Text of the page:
Five student-friendly things to do to beat the winter blues
By Lois Looker,
So, for the most part, exam time is finished and now you’re facing your next semester of classes, essays, exams and dissertations. It’s probably not getting you really excited about being a student. To make matters worse, everyone’s a bit skint from Christmas where all of our money was sucked away by travelling home, presents, nights out and catching up with friends. But alas, don’t let the winter blues defeat you! Here are five student-budget-friendly tips to beat the winter blues and keep you feeling motivated and happy.
- Dinners with friends
I know, I know. Eating out is expensive, as is buying in all the ingredients needed to make a meal for all of your friends, but fear not. My friends and I made a new years’ resolution that we would all sit down and have dinner together one a month. There are no rules to it, just basically that someone each month should organise a dinner whether they want to cook, host a night of takeaway and wine or if you can scrounge up a cheap deal online in a restaurant. If someone wants to cook then you can all chip in a few pounds or just buy some cheap pasta and salad and cook together; it will only cost you pennies! It’s not really about the food anyway; it’s just a nice way to spend your nights in when no one can afford a night out.
- Plan a trip
Whether it’s a day out to a theme park, the seaside or to a local park – it’s always nice to plan a fun day out and have something to look forward to.
Right now I’m planning some travelling that I’m going to be doing during the summer and even though it’s probably just further procrastination, it’s making me feel a lot better about the rain outside knowing that I have some sunny adventures ahead.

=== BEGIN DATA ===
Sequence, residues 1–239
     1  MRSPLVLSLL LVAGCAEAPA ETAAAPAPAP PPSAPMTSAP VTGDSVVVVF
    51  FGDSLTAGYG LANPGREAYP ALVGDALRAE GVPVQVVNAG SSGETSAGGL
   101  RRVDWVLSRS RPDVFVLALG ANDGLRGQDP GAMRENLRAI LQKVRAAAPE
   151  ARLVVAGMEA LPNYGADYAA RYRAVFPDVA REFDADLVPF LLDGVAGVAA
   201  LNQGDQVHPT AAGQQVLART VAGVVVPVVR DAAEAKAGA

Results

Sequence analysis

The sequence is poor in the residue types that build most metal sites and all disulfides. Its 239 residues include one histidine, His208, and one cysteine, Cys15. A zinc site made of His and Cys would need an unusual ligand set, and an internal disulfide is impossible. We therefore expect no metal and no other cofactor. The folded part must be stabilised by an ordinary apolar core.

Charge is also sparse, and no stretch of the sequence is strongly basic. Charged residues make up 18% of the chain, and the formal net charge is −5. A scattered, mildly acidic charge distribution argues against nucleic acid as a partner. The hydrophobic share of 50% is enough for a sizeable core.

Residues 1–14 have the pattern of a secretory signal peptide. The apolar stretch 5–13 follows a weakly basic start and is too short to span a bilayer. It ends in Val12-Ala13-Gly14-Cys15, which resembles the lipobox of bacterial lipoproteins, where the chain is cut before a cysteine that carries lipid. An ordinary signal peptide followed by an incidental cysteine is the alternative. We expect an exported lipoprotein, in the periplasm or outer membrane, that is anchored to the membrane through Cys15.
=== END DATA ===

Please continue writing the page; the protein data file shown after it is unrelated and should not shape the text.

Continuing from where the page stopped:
- Help someone out
Sometimes there’s no better perspective about life than helping out those who are less fortunate. Whether it’s just helping out someone who’s going through a tough time by being a shoulder for them to cry on or giving them a day out to really brighten their week, or if you decide to give a couple of hours of your week up to volunteering, I can guarantee that by helping those people around you you’ll also be helping yourself to feel brighter too and you’ll probably get just as much out of the experience as them.
- Discover something new
I’ve been reading a book for my dissertation that my tutor recommended and it’s one of the best books I’ve ever read. It made me cry and laugh out loud several times - I don’t know what else you can ask for in a book! But after reading it, I spent the rest of the week suggesting the book to my friends who also loved it and now I’m really excited about the author, Kerry Hudson’s, next book coming out.
If you don’t like reading, then maybe try listening to that band your friend’s been harping on about for the past year and a half and you might be surprised.
It’s like the dreaded word and makes most recoil in fear but it’s been proven in studies (I’ve never read any of them, but I’m sure they’re very informative) that some gentle exercise can help you to feel a lot better about yourself and even help to increase your mood levels. I find that starting your day off with some sit-ups or pulling out a few yoga moves even helps to make me a bit more productive.
If it still doesn’t sound like your kind of thing, then there’s always chocolate to help those mood levels.
What do you do to beat those winter blues?